So, my question for you guys is, do you accept the consequences of your actions in games like these? Do you prefer to reload your last save because you know you could have done it better?
Do you ever have one of those games show up on your radar so suddenly that it just kind of takes you back? Like, you’ve got all your priorities lined up, you know where your time is going to go for the next few weeks, and then out of nowhere, you get Falcon Punched by some game you hadn’t even paid attention to?
That’s the case with me and XCOM: Enemy Unknown, the new turn-based, tactical role-playing military game from Firaxis. For some reason, I had no interest whatsoever in XCOM for the last year that I’ve been hearing about it. I really can’t tell you why. But then, people started raving about it just a week or two ago. Then they raved more. And harder. We’re talking glowsticks in the air like you just don’t care kind of raving, from all corners of the gaming press.
You can’t help but take notice when that happens. Then I did that thing that we gamers do, when we get on the slippery slope and say that we’ll just read one review or watch just one video of something, just to get our feet a little wet. And then you discover that the game has all kinds of personalization, like naming your team and leveling them up. And you find out how fun the strategy combat looks. And about some of the cool abilities your team gets as the game rolls on. You know, the wonderful stuff games are made of.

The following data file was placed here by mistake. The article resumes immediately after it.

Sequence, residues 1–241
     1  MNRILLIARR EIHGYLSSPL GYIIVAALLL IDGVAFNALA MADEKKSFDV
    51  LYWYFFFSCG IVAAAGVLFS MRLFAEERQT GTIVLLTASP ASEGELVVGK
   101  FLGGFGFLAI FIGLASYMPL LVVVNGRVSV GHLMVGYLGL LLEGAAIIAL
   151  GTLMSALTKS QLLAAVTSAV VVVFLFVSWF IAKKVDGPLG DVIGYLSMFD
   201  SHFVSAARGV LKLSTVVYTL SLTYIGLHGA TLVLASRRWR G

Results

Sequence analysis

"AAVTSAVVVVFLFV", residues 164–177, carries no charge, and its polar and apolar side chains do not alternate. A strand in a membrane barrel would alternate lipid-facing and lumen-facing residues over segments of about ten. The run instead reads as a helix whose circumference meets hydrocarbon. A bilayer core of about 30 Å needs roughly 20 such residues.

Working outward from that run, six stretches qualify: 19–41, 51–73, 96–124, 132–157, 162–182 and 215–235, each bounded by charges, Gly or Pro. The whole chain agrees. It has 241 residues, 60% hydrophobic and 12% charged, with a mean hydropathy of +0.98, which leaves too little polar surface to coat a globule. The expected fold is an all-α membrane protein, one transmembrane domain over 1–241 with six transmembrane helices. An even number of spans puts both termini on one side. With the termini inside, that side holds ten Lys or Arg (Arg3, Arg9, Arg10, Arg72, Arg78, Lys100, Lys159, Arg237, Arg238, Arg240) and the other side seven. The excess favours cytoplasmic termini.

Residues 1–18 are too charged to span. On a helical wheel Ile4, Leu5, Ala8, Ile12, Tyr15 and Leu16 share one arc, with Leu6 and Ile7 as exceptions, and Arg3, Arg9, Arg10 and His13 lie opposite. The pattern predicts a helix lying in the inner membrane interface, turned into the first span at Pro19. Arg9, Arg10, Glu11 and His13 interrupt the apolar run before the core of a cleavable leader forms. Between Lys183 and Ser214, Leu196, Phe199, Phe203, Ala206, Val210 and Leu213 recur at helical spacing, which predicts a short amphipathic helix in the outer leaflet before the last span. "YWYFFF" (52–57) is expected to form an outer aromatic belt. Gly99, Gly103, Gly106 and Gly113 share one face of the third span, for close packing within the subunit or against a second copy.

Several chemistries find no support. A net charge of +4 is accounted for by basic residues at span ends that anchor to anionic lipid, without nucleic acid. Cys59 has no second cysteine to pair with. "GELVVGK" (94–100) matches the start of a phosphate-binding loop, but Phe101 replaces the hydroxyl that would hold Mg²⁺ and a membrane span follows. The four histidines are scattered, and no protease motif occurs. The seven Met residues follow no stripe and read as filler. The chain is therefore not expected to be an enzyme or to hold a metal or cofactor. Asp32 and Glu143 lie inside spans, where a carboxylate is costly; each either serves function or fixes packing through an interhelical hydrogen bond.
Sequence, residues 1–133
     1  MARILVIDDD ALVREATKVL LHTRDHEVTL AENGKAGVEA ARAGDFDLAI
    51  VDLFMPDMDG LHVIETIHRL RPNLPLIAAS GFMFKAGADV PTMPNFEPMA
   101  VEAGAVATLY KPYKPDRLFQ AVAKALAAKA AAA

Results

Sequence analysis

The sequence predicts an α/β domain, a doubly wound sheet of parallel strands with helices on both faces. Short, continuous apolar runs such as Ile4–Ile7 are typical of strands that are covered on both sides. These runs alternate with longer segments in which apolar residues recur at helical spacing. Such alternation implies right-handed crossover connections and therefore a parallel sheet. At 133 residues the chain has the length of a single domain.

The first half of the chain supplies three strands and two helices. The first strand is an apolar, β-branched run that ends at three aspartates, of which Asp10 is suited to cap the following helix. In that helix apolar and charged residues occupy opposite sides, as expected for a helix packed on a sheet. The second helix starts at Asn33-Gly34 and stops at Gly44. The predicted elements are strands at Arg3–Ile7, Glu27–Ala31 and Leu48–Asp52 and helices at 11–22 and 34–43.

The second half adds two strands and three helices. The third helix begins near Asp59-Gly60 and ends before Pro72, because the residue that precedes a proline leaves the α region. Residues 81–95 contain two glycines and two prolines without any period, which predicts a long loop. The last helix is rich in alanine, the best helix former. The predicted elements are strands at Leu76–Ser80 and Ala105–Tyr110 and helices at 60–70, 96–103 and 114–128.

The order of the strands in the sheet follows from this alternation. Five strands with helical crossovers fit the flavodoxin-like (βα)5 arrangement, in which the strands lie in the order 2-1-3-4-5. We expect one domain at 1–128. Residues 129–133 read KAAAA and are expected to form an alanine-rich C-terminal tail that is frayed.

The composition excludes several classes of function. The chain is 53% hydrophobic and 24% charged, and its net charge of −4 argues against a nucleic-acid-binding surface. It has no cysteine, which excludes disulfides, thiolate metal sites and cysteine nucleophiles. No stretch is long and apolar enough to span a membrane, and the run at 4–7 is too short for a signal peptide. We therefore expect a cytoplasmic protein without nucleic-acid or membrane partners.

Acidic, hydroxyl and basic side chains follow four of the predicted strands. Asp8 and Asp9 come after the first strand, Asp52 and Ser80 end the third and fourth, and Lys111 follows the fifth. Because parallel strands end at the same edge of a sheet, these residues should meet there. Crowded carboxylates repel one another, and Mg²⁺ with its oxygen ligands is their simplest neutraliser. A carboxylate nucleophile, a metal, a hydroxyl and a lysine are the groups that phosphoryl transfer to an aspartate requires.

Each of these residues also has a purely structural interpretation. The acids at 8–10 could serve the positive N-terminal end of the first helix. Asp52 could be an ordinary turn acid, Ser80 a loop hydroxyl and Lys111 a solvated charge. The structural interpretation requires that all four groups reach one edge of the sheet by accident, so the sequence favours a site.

And now, dammit, I want to buy XCOM: Enemy Unknown.
So now, a couple of questions: do you guys ever try to resist the temptation to learn about a new game that people are talking about? Who here is getting XCOM? And what is the deciding factor that gets you suddenly interested in a snap decision like this? Go!
What ho, faithful Sushians, we’re back with the opener for Season 3 of the podcast! While the break was a little shorter than we anticipated, we still had lots to talk about, ranging from the recent Wii U announcements to Hero Academy, The Walking Dead, CS:GO and Mark of the Ninja. Oh, we also played a little Over/Under.
It’s a longer cast that our last few, clocking in at about an hour and a half, but it was super fun to get back into the groove of recording it. We’re a bit rusty, and Eddy disappears a couple times, but I think it’s a fine return to form. Oh, also, a wild Nick appears right before we launch into our game, so you’ll get to hear his bearded tones once again.
Since it’s been a while, I’ll remind you how this goes: listen, rate the cast, and always remember, OPPAN SUSHI STYLE.
0:00 – 3:19 Intro
3:20 – 20:31 Wii U pricing and launch date
20:31 – 28:56 FF7 Twenty Fifth anniversary